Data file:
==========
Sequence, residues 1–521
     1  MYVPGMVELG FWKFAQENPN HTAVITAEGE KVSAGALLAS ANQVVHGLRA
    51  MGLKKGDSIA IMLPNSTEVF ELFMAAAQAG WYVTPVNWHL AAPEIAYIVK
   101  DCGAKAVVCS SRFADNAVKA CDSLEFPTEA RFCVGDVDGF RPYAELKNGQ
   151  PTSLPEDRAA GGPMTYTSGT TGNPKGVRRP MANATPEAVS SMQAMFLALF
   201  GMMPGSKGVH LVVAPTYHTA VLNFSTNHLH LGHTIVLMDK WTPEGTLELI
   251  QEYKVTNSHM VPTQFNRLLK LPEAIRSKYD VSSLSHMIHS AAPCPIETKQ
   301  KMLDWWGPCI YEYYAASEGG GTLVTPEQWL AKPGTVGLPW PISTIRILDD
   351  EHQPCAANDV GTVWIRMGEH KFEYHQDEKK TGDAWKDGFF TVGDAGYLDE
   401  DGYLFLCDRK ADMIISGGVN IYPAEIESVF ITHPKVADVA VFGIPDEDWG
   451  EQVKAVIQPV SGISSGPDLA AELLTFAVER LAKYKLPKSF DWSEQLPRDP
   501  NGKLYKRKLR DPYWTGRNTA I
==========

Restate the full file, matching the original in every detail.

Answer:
Sequence, residues 1–521
     1  MYVPGMVELG FWKFAQENPN HTAVITAEGE KVSAGALLAS ANQVVHGLRA
    51  MGLKKGDSIA IMLPNSTEVF ELFMAAAQAG WYVTPVNWHL AAPEIAYIVK
   101  DCGAKAVVCS SRFADNAVKA CDSLEFPTEA RFCVGDVDGF RPYAELKNGQ
   151  PTSLPEDRAA GGPMTYTSGT TGNPKGVRRP MANATPEAVS SMQAMFLALF
   201  GMMPGSKGVH LVVAPTYHTA VLNFSTNHLH LGHTIVLMDK WTPEGTLELI
   251  QEYKVTNSHM VPTQFNRLLK LPEAIRSKYD VSSLSHMIHS AAPCPIETKQ
   301  KMLDWWGPCI YEYYAASEGG GTLVTPEQWL AKPGTVGLPW PISTIRILDD
   351  EHQPCAANDV GTVWIRMGEH KFEYHQDEKK TGDAWKDGFF TVGDAGYLDE
   401  DGYLFLCDRK ADMIISGGVN IYPAEIESVF ITHPKVADVA VFGIPDEDWG
   451  EQVKAVIQPV SGISSGPDLA AELLTFAVER LAKYKLPKSF DWSEQLPRDP
   501  NGKLYKRKLR DPYWTGRNTA I